Interviewing Daniel Qula Sarme

Our culture depends on the propagation of information from older people in our society to the next generation. Elders from Alayalagaya hold both, not only information but also experience. Their knowledge can influence the lives of all members of the community. The oldest person in Ayalagaya Ward shares his views about the past, the present and the future with Karimu.

What is your name?

  • I am Daniel Qula Sarme.

How old are you?

  • I am 96 years old. That makes me the oldest person in the community.

Do you live with your whole family?

  • I live with my youngest child and five grandchildren. I got married in 1941, but my first wife died. In 1978 I got married for the second time. I have 15 children and many grandchildren. So many, that I cannot count them anymore.

How do you intend to celebrate your 100th year birthday?

  • I am pretty sure there will be a big celebration. Of course, I will invite all my children and grandchildren. I expect to have all people of my clan as my guests as well. I will slaughter a cow, prepare rice and share a good time with all my kin.


How do you feel as the oldest person in the community?

  • I feel good and well respected. In our community, the most important thing is respect for elders. We respect each other. We even have special greetings for older people.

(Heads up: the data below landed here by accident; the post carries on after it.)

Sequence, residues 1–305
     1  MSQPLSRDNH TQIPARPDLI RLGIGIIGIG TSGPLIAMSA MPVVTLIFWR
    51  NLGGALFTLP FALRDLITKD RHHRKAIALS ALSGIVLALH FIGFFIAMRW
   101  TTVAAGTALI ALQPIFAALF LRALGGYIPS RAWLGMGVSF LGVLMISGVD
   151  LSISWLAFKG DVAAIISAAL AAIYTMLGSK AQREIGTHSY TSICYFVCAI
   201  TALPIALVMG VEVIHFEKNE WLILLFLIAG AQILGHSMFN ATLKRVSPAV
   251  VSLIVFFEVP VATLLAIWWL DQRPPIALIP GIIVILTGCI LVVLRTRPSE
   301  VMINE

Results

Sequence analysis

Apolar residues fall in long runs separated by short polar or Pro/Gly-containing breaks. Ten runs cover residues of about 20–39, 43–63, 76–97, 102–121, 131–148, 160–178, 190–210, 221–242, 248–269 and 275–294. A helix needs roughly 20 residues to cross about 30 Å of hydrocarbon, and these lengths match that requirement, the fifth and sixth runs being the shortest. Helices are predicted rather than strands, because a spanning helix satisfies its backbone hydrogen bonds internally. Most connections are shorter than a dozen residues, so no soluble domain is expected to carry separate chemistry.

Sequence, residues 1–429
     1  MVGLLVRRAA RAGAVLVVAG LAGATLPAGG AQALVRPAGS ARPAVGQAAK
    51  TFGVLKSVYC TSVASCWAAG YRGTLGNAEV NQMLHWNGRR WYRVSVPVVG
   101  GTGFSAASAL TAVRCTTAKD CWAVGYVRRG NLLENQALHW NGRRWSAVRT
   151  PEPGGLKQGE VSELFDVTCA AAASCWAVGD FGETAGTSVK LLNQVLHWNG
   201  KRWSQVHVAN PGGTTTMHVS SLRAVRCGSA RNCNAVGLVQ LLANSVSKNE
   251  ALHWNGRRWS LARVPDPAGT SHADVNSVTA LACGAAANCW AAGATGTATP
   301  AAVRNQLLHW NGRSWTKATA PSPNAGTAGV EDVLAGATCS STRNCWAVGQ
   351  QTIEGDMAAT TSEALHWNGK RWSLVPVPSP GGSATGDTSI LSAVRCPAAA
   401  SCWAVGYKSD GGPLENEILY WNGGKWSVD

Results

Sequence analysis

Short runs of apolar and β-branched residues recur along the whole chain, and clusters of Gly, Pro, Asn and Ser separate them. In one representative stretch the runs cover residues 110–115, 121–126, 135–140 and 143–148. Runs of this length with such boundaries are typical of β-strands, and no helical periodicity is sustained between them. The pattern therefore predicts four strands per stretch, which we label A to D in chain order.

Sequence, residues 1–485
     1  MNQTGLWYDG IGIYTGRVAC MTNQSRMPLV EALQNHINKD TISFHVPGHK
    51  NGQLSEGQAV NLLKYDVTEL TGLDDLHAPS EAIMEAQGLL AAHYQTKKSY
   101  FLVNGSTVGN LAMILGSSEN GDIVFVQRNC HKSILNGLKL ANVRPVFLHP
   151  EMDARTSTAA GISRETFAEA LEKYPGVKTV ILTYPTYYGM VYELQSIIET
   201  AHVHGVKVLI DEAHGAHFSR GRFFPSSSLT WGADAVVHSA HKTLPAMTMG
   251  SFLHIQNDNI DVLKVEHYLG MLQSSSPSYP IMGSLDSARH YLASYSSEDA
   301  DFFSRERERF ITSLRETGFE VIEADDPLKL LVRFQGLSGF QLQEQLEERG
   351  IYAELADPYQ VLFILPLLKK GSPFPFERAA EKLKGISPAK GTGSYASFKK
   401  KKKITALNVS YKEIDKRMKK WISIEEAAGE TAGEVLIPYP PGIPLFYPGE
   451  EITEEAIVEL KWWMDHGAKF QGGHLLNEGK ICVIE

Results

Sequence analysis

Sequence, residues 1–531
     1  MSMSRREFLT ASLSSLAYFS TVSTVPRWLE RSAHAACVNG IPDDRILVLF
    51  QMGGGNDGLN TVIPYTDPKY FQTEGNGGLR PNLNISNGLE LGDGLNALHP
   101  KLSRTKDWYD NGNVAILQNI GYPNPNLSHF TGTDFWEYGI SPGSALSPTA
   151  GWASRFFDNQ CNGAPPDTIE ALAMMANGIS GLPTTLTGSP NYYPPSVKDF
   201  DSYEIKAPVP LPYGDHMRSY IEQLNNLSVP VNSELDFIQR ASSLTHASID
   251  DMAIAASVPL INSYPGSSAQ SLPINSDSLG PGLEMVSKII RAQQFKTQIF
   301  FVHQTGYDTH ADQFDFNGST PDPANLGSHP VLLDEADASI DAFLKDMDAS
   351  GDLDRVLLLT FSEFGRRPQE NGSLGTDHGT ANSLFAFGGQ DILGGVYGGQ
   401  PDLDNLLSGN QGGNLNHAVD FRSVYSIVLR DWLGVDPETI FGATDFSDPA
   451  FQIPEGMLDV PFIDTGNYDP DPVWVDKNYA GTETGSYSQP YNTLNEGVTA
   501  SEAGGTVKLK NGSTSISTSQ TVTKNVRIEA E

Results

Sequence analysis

But how do you teach the young ones respect?

  • We teach them to fear God. They may be cursed if they do not respect older people. If that does not work, they have to learn it the hard way.

During all these years, have many things changed?

  • Not many people know the traditional dances any more. They are practiced only in some places. I am glad we have kept our traditional songs. That is good. Our language Iraqw however might disappear, as the younger people speak only Swahili. I would say tradition is disappearing. For instance, I believe many farmers nowadays are just looking for money instead of thinking about the community. This makes me sad.

And among the elderly, do you realize any changes?

  • I think we are lacking leadership. We used to meet more often to discuss important issues of the community. I am unhappy to see how it is going. That is why I am trying to convince the elderly to meet like we used to before.

What do you wish for the future?

  • I wish the Maternity Clinic built by Karimu could be upgraded to a Health Clinic. I also want our friendship with Karimu to keep on growing.